A Community Shul

Rabbi Alon C Ferency
June 18, 2014
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Places mean different things to different people. In the early aughts, I lived in West Hollywood, California, one of the most prominently gay-friendly cities in the United States. (Best and cheapest haircuts I ever had.) During a visit back East to Massachusetts, I visited my Russian émigrés cousins. When I told them where I lived, they replied knowingly, “We know it well.” To which, I assumed they were disapprovingly aware of the homosexual community in the city. Rather, my cousin quickly followed, “We have many Russian friends there!” I realized that recently, the East side of the city had been settled by Russian émigrés like them – there were Russian grocers and dry goods stores at which I shopped, and Russian restaurants and clubs, too. Nonetheless, my predominant experience of West Hollywood was a few blocks West, amid the young adult gay community.

As Tip O’Neill said, “All politics is local”; to which, my rabbi adds, “All religion is local.” I would tentatively add that identity is local, as well. As Michael Sandel says, “We cannot regard ourselves as independent [without] understanding ourselves as the particular persons we are - as members of this family or community or nation or people, as bearers of this history, as sons and daughters of that revolution, as citizens of this republic….. To imagine a person incapable of constitutive attachments such as these is not to conceive an ideally free and rational agent, but to imagine a person wholly without character, without moral depth.”(Liberalism and the Limits of Justice)  Furthermore, to effectively construct a religious identity, there needs to be an enduring identification with place: “The religious community is essential, for alone our vision is too narrow to see all that must be seen,” says Mark Morrison-Reed, “Together, our vision widens and strength is renewed.”

When a novice pastor Rick Warren went to plant a church decades ago, he reviewed the sites that were most receptive to his evangelism, and found the geographic region with the most promising demography. Then, he settled Saddleback Church in Orange County, with the precious understanding that, barring grave misfortune, he would live and work in that single place for the entirety of his career. He testifies that investment in a community is essential to build the faith, trust, and respect necessary between pastor and congregation. Unfortunately, for a variety of factors – ambition, institutional policy, short-sightedness – transience has become the norm instead of longevity. Columnist Dennis Prager went so far as to bemoan the praise of “innovation” and “activism” given by the Daily Beast’s list of America’s Top 50 Rabbis (mercifully discontinued), relative to Chabad rabbis and other local rabbis who invest in various communities for the long haul, and build communities where “people like being Jewish together.” This seems to be the motivation behind Chabad shelichus (emissaries), and I’d vouch that this is a large part of their success. In an era of transient Jewish life, few are the families that make a lifetime commitment to one neighborhood. Yet when I met our Chabad of Knoxville family, they explained to me that they imagined living out a career here, amid the Jews of this one place, and perhaps being buried in Knoxville.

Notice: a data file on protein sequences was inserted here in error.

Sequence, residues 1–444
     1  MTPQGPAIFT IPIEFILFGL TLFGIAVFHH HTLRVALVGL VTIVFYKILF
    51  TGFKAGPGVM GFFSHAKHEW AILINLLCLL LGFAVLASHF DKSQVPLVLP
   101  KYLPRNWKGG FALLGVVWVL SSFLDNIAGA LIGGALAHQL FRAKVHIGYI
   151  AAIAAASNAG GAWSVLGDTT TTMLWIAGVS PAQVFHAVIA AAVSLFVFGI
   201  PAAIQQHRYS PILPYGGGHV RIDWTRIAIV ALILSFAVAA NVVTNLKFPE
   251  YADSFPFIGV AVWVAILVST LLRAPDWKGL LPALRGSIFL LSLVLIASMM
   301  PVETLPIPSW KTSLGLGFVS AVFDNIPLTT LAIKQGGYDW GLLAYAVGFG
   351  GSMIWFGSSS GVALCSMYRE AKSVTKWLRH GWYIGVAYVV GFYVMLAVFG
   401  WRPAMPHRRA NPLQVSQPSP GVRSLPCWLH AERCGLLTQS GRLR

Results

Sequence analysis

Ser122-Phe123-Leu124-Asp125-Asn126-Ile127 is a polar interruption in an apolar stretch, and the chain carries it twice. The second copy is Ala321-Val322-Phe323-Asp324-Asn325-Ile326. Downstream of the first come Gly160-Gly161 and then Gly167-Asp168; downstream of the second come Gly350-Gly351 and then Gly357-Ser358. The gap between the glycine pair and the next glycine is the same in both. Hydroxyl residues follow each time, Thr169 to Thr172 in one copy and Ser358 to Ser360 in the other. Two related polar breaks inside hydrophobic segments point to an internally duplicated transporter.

In fact, among my most special moments in our community are visits to the New Jewish Cemetery. (There is an “Old” Jewish Cemetery, but the “New” one is nearly a century old.) At memorial times, funerals, and stone-settings, I visit the cemetery with older congregants, and they show me who is buried where, who is related to whom, who married whom, and what their maiden names were.  It’s quite a moving little space – modest, unassuming, a few hundred graves that bear witness to the endurance, power, gravity, and charm of our small community. By moments, I fantasize about being buried there myself. Neither itinerant rabbis, nor one who might view a small city like Knoxville as a stepping stone to a grander position, can ever garner the effective trust necessary to build relationship and bring Judaism ahead.

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Rabbi Alon C Ferency pursued Israeli-Palestinian economic integration in the 1990’s at Harvard University. After a bicycle trip from Seattle to Boston, he entered the Peace Corps in Cameroon as a Community Health organizer. Then, he worked in the music industry, before receiving a Master’s Degree in Informal Jewish Education from J.T.S., and rabbinical ordination from the Ziegler School in 2010. Today, Alon is the rabbi of Heska Amuna Synagogue in Knoxville, Tennessee. There, he serves as a board member of the Community Coalition Against Human Trafficking, and served on the Community Health Council, Together! Healthy Knox, and the ethics committee of the University of Tennessee Medical Center. He is also a regular contributor to Conservative Judaism quarterly, and an alumnus of Leadership Knoxville and the Tikvah Fellowship. His sermons are available at heskaamuna.org/sermons.html; and, you may follow him on Facebook (facebook.com/EclecticCleric) and Twitter (@EclecticCleric).

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